For the reasons I have outlined, we do not support the new clause. We believe that the cons of the considerations outweigh the balance of the benefits that might accrue from the creation of an obligation to form Section 25 agreements. We concur with outside opinion that the measure before us is to be welcomed. Indeed, it has been welcomed by all those with whom I have discussed it, especially as it sets out to sort out the anomalies of half a century of legislation in this important but unsung area of both agricultural and urban infrastructure.
§ The Parliamentary Secretary to the Ministry of Agriculture, Fisheries and Food (Mr. Gavin Strang)
Representing 1264 as he does a constituency that either wholly or partly embraces no fewer than 19 internal drainage districts, I can appreciate the reasons that have prompted my hon. Friend the Member for Goole (Dr. Marshall) to table the new clause.
My hon. Friend has explained the purpose of Section 25 of the Land Drainage Act 1961, and as he knows, increasing use has been made of Section 25 agreements in recent years, not least in my hon. Friend's constituency. Because we see clear advantages in them to both local authorities and internal drainage boards, we, like him, welcome this trend. For this reason we support the intention on which his amendment is based, but I am sure that he will understand that we could not suddenly impose this obligation on local authorities without consulting them.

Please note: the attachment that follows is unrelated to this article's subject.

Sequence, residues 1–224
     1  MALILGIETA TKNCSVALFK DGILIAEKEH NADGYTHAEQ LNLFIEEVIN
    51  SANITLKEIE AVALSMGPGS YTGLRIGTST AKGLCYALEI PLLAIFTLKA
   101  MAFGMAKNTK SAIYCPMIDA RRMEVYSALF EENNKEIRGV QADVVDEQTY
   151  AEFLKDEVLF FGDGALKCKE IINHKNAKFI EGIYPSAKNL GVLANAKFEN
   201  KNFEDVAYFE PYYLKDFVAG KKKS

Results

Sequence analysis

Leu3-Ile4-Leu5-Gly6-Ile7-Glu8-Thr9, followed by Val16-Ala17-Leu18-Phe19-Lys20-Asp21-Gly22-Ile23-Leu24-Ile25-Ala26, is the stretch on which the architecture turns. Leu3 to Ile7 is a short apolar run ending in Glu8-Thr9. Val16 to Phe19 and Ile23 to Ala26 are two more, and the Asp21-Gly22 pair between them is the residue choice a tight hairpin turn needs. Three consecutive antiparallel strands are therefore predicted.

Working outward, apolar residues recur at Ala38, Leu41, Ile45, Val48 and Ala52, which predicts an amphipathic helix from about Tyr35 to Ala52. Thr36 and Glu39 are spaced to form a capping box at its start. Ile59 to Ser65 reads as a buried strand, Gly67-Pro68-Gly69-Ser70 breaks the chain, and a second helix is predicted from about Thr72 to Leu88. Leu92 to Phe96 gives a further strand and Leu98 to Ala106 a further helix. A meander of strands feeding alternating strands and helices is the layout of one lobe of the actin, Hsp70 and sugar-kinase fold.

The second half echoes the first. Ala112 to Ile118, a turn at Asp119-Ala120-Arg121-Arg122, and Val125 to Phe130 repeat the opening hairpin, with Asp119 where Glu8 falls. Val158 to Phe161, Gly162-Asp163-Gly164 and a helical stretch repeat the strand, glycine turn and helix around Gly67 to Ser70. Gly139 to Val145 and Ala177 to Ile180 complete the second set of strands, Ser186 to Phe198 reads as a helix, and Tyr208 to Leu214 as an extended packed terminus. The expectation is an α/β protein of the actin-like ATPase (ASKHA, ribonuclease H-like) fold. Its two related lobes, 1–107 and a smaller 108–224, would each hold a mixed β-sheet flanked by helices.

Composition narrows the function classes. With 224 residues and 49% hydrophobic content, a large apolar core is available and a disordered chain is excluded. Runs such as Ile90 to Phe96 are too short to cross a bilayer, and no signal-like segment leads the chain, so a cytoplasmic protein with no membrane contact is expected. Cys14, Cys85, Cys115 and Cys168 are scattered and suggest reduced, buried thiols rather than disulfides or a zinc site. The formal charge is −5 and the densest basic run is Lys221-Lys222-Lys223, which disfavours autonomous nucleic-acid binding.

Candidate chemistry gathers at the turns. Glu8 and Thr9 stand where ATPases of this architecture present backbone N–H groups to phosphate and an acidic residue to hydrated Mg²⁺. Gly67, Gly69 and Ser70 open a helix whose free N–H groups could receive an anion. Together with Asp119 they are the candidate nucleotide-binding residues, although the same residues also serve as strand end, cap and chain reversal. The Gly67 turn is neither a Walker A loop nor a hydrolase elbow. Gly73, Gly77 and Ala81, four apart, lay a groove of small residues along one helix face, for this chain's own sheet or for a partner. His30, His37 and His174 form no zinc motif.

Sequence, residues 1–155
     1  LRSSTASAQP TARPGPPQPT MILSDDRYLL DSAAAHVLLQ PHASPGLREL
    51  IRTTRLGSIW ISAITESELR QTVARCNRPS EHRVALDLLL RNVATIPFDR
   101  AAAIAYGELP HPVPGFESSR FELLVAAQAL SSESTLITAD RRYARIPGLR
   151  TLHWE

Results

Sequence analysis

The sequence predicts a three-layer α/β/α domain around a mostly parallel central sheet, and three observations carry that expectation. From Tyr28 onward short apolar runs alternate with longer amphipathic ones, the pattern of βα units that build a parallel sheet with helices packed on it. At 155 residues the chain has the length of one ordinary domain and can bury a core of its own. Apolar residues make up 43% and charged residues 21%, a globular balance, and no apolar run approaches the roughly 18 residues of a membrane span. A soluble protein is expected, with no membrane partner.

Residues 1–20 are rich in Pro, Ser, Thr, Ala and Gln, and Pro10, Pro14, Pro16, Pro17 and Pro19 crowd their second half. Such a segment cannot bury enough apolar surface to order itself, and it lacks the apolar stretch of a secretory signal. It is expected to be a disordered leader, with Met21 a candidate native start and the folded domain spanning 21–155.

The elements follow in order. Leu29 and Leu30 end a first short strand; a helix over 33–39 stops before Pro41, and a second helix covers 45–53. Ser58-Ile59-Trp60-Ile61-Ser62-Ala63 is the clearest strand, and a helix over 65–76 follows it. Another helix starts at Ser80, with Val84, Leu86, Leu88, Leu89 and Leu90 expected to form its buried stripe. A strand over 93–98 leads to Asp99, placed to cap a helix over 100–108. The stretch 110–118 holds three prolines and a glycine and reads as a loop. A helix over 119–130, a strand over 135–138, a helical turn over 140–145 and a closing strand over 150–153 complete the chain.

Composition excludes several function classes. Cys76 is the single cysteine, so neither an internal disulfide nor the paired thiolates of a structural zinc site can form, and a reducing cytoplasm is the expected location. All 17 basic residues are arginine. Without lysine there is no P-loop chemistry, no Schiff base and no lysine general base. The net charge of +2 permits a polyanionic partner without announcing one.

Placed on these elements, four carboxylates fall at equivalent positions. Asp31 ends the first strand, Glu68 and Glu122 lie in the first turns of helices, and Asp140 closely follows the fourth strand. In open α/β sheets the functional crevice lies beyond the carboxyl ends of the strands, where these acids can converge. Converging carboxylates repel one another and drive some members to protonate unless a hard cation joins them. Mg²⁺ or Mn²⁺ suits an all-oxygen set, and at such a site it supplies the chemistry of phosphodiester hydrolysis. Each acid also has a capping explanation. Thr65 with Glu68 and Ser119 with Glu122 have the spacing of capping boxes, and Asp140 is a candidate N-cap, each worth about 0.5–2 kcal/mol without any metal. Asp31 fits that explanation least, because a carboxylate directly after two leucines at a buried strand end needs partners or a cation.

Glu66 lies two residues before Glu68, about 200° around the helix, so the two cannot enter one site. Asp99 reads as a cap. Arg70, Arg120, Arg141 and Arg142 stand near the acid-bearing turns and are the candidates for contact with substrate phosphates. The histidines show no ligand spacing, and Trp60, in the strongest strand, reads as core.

There is the additional difficulty that in this case we would be imposing this new duty in a Bill that has previously been presented as one solely designed to secure minor, and mainly technical, amendments to existing land drainage legislation in order to pave the way for its consolidation.
For these reasons alone I hope that my hon. Friend will not press his new clause.
There is a further aspect to this problem that I ask my hon. Friend to consider—namely, the imminent publication of the Layfield Committee's Report. Without anticipating its findings, I think it is clearly understood that the law affecting drainage rates will have to be reviewed in the light of the Government's decision on the report.
I am happy to assure my hon. Friend that we shall extend any review of drainage rates to the question of Section 25 agreements. I am grateful to my hon. Friend for raising this issue, and for the remarks of the hon. Member for Hereford (Mr. Shepherd). We have considerable sympathy with the spirit of the new clause, but I hope that in the light of the arguments I have advanced and the assurance I have given my hon. Friend will feel able to withdraw it.
§ Dr. Edmund Marshall
I thank my hon. Friend for what he has said. I am pleased to know that consultations will begin on these matters. In the light of 1265 that fact, I beg to ask leave to withdraw the new clause.
§ Motion and clause, by leave, withdrawn.
§ Motion made, and Question, That the Bill be now read the Third time, put forthwith pursuant to Standing Order No. 56 (Third Reading), and agreed to.
§ Bill accordingly read the Third time and passed, with amendments.